Places to Visit

Mangalore is the gateway to Karnataka. It is one of the five talukas (other than Bantwal, Puttur, Sullia, Belthangady taluks) of the Dakshina Kannada District. This District formerly had 8 talukas, but these were split in August 1997 and the remaining talukas, namely Udupi, Kundapur and Karkala then formed a part of the Udupi district,but there is no division found in the living of two cities and it is still being recognised as 'avibhagitha (undivided) Dakshina Kannada. Mangalore is named after the Goddess Mangaladevi. Other names used by the locals are 'Kudla' (Tulu), 'Mangalooru' (Kannada), 'Mangalapuram' (Malayalam), 'Kodial' (Konkani), 'Maikala' (Beary) and 'Manjarun'(sanskrith).


Sri Mangaladevi Temple

The place name Mangalapura ( now Mangalore) owes its origin to the temple of Mangaladevi. Situated in Bolar about 3 kms from Hampankatta ( the heart of the city), the temple has its roots into the ninth century. The ardent devotees even today believe that the worship of Mangaldevi brings them prosperity and happiness.

In Tulunadu, Kundavarma, the most famous king of Ahepa dynasty was ruling. At that time there came two holy saints of the natha cult named Machendranatha and Gorakanatha from Nepal. They reached Mangalapura, crossing the river Nethravathi. The place were they crossed the river came to be known as 'Gorakdandi'.


Kadri Manjunath Temple

The temple of Manjunatheshwara on the hills of Kadri is a very beautiful and popular temple in Mangalore. It is said to be built during the 10th or 11th century. It was converted to a complete stone structure during the 14th century. The idol of Lord Manjunathaswamy of the temple is called as oldest of the South Indian Temples.

It is believed that Parashurama who was living in Sahyadri, killed the kshathriyas who were cruel and donated the lands to Kashyapa. He prayed to Lord Shiva for a place to live. Lord Shiva assured Parashurama that if he performed a penance at Kadali kshethra, Lord Shiva would reincarnate as Manjunatha for the betterment of the world.


Shri Sharavu Mahaganapathi Temple

Mangalore is known as a pilgrim center and boasts of many sacred temples like Sharavu, Kadri, Mangaladevi, Kudroli etc. Out of these Sri Sharavu Sharabeshwara - Sri Mahaganapathy Kshetra is an outstanding, pious center of great illustrious history of marathon 800 years.
Since the temple is located in the heart of the city, locating and reaching the temple is very easy. It is at a walking distance from Hampankatta and also can comfortably reached by autorickhaws.

The name "Sharavu" is derived from "Shara" which means arrow. About eight centuries back, the "Sthalapurana" or local legendary depicts, a very powerful king, Maharaja Veerabahu of tuluva region, killed a cow by sheer mistake by shooting it with an arrow. He in reality meant to shoot the tiger which was standing besides the cow. But, his unculpable terrible sin had to be erased, for which he did install a "Shiva Linga" as per the suggestion of a great seer Sri Bharadhwaja.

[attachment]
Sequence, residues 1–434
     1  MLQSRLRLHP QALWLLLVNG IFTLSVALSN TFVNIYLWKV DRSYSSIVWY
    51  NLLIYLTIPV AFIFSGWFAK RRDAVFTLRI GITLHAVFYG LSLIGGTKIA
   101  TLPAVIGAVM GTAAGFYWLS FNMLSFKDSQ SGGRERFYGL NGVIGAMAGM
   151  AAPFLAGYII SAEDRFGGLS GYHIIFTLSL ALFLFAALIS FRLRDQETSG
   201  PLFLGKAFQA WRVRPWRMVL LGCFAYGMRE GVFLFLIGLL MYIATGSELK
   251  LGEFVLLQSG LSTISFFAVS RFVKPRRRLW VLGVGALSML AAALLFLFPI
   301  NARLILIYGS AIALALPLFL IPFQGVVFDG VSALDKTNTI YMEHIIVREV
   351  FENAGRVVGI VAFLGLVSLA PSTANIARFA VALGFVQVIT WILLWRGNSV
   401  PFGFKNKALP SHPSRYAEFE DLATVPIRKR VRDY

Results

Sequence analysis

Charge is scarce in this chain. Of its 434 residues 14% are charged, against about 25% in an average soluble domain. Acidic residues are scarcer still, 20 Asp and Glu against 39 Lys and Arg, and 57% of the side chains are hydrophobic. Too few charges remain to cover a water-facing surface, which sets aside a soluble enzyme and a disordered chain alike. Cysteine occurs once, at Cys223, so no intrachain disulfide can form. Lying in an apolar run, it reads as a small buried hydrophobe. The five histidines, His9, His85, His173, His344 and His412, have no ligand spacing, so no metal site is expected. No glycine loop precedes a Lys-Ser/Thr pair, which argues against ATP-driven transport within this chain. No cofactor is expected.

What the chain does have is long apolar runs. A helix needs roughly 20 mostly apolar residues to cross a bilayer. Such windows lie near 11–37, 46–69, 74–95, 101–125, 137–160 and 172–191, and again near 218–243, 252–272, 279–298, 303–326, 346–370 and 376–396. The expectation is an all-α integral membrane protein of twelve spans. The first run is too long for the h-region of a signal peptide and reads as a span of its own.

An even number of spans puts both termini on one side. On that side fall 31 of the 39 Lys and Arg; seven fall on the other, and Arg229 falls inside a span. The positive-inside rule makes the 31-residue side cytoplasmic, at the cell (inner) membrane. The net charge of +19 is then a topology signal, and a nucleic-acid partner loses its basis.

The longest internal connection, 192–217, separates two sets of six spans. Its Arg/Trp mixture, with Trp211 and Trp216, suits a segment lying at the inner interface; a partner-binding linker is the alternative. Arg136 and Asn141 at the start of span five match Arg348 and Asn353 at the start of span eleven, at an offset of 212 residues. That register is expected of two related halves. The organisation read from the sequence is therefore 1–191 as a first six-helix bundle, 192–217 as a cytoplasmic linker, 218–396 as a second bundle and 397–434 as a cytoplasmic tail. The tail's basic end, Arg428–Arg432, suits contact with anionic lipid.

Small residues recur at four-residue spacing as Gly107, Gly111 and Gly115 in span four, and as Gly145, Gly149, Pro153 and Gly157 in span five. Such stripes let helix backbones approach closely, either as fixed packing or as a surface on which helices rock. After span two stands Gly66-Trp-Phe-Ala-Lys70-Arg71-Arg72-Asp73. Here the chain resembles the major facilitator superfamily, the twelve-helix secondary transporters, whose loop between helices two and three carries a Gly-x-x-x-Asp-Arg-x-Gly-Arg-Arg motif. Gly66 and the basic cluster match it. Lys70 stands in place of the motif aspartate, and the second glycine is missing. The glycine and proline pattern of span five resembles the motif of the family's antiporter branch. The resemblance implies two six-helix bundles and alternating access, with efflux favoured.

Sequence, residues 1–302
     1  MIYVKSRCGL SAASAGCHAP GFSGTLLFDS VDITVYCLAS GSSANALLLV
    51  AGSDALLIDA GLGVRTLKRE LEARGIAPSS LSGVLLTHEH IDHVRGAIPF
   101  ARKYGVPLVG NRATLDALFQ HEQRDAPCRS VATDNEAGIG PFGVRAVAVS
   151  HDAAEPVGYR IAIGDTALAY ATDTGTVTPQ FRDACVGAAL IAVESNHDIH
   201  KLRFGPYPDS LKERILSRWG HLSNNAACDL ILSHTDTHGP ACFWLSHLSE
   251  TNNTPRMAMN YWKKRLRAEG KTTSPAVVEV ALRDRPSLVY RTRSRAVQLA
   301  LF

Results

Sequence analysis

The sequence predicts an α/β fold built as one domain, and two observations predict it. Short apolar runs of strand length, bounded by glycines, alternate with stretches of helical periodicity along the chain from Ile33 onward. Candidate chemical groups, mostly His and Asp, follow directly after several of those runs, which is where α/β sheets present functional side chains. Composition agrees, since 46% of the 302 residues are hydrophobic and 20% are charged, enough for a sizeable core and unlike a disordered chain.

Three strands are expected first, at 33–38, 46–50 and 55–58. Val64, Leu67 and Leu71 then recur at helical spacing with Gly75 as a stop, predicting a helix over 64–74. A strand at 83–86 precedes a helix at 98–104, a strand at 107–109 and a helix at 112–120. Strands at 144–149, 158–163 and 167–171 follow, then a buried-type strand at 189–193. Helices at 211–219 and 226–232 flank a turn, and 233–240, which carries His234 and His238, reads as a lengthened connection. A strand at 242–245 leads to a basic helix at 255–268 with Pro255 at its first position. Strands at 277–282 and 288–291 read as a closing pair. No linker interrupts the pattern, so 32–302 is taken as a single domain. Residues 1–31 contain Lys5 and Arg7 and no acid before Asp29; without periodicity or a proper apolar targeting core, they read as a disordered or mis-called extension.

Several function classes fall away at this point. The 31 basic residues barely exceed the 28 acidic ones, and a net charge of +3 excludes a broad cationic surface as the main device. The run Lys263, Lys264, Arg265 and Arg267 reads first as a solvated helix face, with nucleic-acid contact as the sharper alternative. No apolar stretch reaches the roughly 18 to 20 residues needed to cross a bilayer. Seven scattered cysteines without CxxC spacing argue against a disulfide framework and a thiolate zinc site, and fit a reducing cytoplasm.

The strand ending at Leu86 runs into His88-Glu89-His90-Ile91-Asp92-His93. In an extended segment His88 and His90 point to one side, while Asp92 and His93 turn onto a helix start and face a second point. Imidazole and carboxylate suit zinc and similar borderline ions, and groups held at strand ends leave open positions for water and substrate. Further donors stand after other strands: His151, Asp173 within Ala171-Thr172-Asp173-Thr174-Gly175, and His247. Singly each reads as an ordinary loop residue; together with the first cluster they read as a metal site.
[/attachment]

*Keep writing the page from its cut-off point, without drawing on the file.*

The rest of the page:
St. Aloysius College Chapel

St. Aloysius College Chapel is situated in the heart of the city on the lighthouse hill about a kilometer away from Nehru Maidan Bus stand. It is well connected by all kinds of surface transport. This architectural gem is a 'must see' for anybody visiting Mangalore.

The Church was built in the year 1899-1900. The walls of the church are covered with the paintings of the artist Anthony Moscheni of Italy. It is comparable with the Sistine chapel in Rome. The special beauty of the chapel is the wonderful series of paintings that virtually cover every inch of the interior roof and walls executed by Bro. Moscheni trained in Italy.

The central row of paintings on the ceiling depicts the life of Aloysius Gonzaga to whom this College and Chapel is dedicated. This young man who gave his life in the service of others is given as a model to the 5,000 young people studying on this campus. Aloysius had everything that a young man of his age desires. He had wealth, power and influence. But he gave them up in order to serve others, especially the most needy. Our students are asked to imbibe his spirit of service.


Someshwara Beach Ullal

Someshwar Beach is located in Ullal, 11 km to the south of the city, near the confluence of the Netravati River and the Arabian Sea. The beachface is extremely rocky and considered dangerous for swimming. However, it is a great place to relax and watch the spectacular sunsets. Ullal is accessible by bus, train and autorickshaw from the city centre.


Tannirbavi Beach

Tannirbhavi Beach is located in Panambur, 10 km to the north of the city, near the New Mangalore Port and along the confluence of the Gurupur river and the Arabian Sea. This is comparatively more deserted and is a great spot for safe and secluded swimming. Panambur is well connected by bus and can also be reached by autorickshaw from the city centre


Panambur Beach

Panambur is the site of New Mangalore Port. It is located in Dakshina Kannada (formerly South Canara) district of Karnataka state, India, north of the Gurupura river. The name Panambur is derived from 'Panam' which means Money and 'Ur' which means place or village in Tulu language. There is a Nandaneshwara temple in Panambur. The sea port is near to Surathkal railway station on the Mumbai-Mangalore railway route. There is a beautiful beach on the shore of the Arabian Sea at Tanniru Bhavi to the south of sea port at Panambur.[1] Gurupur river is to the south of Panambur.